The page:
Jonah was in the belly of a great fish for three days and three nights (Jonah 1:17). This story is crucial, because as Christ said, Jonah was a sign. Herbert W. Armstrong wrote, “As Jonah was in the ‘grave’ (see marginal reference, Jonah 2:2) 72 hours, after which he was supernaturally resurrected by God, by being vomited up, to become a savior to the people of Nineveh upon proclaiming the warning to them, so should Jesus be 72 hours in His grave, thereupon being resurrected by God to become the Savior of the world” (The Resurrection Was Not on Sunday).

Since most doubt the 72-hour time frame surrounding the events of Christ’s resurrection, it follows that many doubt whether Jonah was really in the belly of a fish that long. Let us turn to the Bible to see how God counts time.

In Genesis 1:4, God divided the light from the darkness. He called the light day, and the darkness night. It is these two elements—light and darkness—that make up one complete day. The end of verse 5 says, “And the evening [darkness] and the morning [light] were the first day.” Continue reading the rest of chapter 1. You will see that each day is made up of a darkness portion and a daylight portion. Together, that’s 24 hours. Men have their traditions of how to count time. But here in Genesis 1 we find the only reliable definition for calculating time—an evening and a morning for one day.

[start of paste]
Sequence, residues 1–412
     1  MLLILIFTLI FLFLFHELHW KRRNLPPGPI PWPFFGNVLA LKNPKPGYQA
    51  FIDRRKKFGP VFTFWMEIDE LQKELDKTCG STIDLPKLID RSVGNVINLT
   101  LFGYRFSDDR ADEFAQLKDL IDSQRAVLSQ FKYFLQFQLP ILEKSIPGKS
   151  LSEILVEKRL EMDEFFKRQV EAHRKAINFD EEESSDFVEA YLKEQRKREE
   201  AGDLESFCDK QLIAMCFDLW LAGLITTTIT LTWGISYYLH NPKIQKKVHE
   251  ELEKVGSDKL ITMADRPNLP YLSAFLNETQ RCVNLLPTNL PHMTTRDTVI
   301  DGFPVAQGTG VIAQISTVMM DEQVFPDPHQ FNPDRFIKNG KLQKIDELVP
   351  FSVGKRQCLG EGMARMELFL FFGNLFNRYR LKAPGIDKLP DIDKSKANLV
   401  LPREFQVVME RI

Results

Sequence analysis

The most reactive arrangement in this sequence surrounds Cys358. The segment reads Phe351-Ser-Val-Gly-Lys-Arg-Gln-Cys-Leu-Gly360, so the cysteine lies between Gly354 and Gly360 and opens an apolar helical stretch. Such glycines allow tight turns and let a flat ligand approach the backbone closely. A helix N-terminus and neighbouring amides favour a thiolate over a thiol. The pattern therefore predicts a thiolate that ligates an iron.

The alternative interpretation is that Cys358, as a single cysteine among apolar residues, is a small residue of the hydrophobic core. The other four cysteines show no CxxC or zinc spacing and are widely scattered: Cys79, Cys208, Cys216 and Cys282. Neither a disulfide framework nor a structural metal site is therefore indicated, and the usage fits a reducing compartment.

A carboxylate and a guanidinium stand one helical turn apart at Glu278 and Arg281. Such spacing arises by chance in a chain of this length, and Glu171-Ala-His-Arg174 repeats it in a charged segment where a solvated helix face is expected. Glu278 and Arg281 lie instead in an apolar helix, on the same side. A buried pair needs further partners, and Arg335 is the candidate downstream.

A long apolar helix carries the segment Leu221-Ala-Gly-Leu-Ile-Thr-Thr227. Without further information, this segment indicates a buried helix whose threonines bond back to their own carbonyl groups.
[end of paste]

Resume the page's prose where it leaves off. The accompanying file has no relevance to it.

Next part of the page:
In the New Testament, the way of calculating time did not change. Jesus said, “Are there not twelve hours in the day? If any man walk in the day, he stumbleth not, because he seeth the light of this world” (John 11:9). Here Christ is referring to the daylight portion of each day. He makes that clear in the next verse: “But if a man walk in the night, he stumbleth, because there is no light in him” (verse 10). Twelve hours for the light portion and 12 hours for the dark portion equals 24 hours in one full day.

If man says Christ was in the grave one day and two nights, according to tradition, and God’s Word says He was in the grave three days and three nights, then we must accept God’s revelation and reject the traditions of men.